Walvis Bay has the potential to actively participate in and benefit from the blue economy by capitalising on its coastal advantages and focusing on the array of options available, its mayor, Trevino Forbes has said.
Forbes was speaking on Friday during the opening of the inaugural Walvis Bay Maritime Festival, where he noted that the town can develop and strengthen its fishing industry by promoting sustainable fishing practices through supporting local fishers and investing in aquaculture operations to diversify seafood production.
To this, the mayor added that the town’s municipality has already identified several plots for aquaculture as a form of its direct contribution towards the cause.
“Walvis Bay is also known for its stunning coastlines, marine wildlife and unique landscapes and by developing and promoting tourism initiatives such as wildlife tours, beach activities, and coastal cruises, the town can attract visitors, and create employment opportunities,” he said.
The mayor also, however, highlighted numerous challenges faced when it comes to the health of the ocean ecosystem, such as plastic pollution, overfishing and climate change, among others.
“These issues not only impact marine life but also jeopardize the livelihoods and well-being of our local communities.”
Forbes therefore called on all stakeholders and residents to use the Walvis Bay Maritime Festival as a platform for education, awareness and collaboration in preserving and saving the ocean.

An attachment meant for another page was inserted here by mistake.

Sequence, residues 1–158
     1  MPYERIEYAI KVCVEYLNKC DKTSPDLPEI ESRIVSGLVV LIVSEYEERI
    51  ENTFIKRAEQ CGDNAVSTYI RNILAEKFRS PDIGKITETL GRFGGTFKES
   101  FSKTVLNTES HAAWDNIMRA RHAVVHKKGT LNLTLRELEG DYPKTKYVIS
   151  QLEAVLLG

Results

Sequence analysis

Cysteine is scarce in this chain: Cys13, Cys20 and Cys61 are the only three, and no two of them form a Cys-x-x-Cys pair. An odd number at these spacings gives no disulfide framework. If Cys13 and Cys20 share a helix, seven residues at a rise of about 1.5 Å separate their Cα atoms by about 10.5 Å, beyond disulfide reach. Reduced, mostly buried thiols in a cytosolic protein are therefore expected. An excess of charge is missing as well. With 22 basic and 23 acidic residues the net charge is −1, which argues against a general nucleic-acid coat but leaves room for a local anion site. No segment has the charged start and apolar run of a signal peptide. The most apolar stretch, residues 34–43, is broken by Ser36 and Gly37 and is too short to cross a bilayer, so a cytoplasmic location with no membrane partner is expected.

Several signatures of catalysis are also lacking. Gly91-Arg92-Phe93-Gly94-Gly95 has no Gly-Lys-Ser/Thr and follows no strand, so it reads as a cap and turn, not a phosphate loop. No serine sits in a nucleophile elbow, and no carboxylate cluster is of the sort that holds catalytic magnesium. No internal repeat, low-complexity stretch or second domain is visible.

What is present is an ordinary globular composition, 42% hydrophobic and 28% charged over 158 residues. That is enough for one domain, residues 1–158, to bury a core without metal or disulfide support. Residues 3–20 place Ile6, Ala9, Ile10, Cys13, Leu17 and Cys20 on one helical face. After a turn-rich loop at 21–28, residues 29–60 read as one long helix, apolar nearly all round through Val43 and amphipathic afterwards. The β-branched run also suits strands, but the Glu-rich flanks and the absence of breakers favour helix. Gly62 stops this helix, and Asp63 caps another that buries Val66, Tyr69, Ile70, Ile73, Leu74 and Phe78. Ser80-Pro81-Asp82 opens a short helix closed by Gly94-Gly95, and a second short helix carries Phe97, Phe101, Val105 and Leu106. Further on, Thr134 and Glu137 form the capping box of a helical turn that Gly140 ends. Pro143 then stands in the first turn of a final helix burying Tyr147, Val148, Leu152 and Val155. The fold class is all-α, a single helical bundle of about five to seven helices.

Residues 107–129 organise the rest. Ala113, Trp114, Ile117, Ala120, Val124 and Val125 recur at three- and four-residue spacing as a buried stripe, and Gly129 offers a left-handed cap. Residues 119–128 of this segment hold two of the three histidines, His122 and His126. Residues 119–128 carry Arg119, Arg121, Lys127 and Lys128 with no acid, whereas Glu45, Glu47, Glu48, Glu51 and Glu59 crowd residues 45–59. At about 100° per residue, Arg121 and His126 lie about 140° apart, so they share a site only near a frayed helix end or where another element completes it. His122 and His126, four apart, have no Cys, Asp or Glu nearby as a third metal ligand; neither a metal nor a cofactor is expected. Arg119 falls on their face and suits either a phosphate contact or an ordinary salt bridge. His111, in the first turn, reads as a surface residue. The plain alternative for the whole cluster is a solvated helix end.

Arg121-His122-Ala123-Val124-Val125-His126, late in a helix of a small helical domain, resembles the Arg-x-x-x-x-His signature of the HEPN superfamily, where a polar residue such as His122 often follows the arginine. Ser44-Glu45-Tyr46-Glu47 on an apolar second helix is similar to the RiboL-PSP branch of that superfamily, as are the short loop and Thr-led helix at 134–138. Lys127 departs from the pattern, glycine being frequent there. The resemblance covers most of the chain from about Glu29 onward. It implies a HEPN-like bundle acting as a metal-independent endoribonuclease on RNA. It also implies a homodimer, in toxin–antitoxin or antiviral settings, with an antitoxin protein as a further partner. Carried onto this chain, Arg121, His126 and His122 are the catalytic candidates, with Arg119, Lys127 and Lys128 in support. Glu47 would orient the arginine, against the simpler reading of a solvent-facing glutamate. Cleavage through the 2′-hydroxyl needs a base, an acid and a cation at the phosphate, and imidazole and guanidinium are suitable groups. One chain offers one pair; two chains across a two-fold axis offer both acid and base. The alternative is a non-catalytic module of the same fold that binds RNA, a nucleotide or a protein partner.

Held under the theme: “Preserving a Healthy Ocean Ecosystem for a Resilient Economy”, the two-day festival also aims to enlighten residents about the different sectors involved directly or indirectly in the maritime industry by providing them with an opportunity to showcase their products and services.
Walvis Bay Acting General Manager for Community and Economic Development, Tulimekondjo Iishitile, said the festival’s initiative stemmed from the recently launched Local Economic Development Strategy by the Municipal Council of Walvis Bay.
“The strategy emphasises the use of existing infrastructure and available assets to promote and stimulate economic growth, and among these valuable assets is the maritime industry, which serves as the economic backbone of our port city and the silk fiber in our country’s economy,” she said.
Source: The Namibian Press Agency